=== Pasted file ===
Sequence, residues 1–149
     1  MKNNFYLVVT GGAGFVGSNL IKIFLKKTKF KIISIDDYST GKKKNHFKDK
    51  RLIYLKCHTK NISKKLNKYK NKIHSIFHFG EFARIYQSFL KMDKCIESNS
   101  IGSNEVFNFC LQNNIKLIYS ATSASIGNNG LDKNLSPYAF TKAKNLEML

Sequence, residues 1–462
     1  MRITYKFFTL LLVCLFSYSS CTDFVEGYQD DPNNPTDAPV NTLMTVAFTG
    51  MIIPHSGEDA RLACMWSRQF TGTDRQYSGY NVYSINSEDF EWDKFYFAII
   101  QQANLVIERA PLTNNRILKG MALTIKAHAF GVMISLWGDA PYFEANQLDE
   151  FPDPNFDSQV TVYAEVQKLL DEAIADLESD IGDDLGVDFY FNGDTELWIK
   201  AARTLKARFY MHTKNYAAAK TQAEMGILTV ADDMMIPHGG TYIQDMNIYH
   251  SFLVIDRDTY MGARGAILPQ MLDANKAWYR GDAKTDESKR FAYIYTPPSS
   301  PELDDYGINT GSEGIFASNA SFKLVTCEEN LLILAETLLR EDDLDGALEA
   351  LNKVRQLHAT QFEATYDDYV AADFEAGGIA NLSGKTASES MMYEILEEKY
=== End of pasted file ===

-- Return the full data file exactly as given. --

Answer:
Sequence, residues 1–149
     1  MKNNFYLVVT GGAGFVGSNL IKIFLKKTKF KIISIDDYST GKKKNHFKDK
    51  RLIYLKCHTK NISKKLNKYK NKIHSIFHFG EFARIYQSFL KMDKCIESNS
   101  IGSNEVFNFC LQNNIKLIYS ATSASIGNNG LDKNLSPYAF TKAKNLEML

Sequence, residues 1–462
     1  MRITYKFFTL LLVCLFSYSS CTDFVEGYQD DPNNPTDAPV NTLMTVAFTG
    51  MIIPHSGEDA RLACMWSRQF TGTDRQYSGY NVYSINSEDF EWDKFYFAII
   101  QQANLVIERA PLTNNRILKG MALTIKAHAF GVMISLWGDA PYFEANQLDE
   151  FPDPNFDSQV TVYAEVQKLL DEAIADLESD IGDDLGVDFY FNGDTELWIK
   201  AARTLKARFY MHTKNYAAAK TQAEMGILTV ADDMMIPHGG TYIQDMNIYH
   251  SFLVIDRDTY MGARGAILPQ MLDANKAWYR GDAKTDESKR FAYIYTPPSS
   301  PELDDYGINT GSEGIFASNA SFKLVTCEEN LLILAETLLR EDDLDGALEA
   351  LNKVRQLHAT QFEATYDDYV AADFEAGGIA NLSGKTASES MMYEILEEKY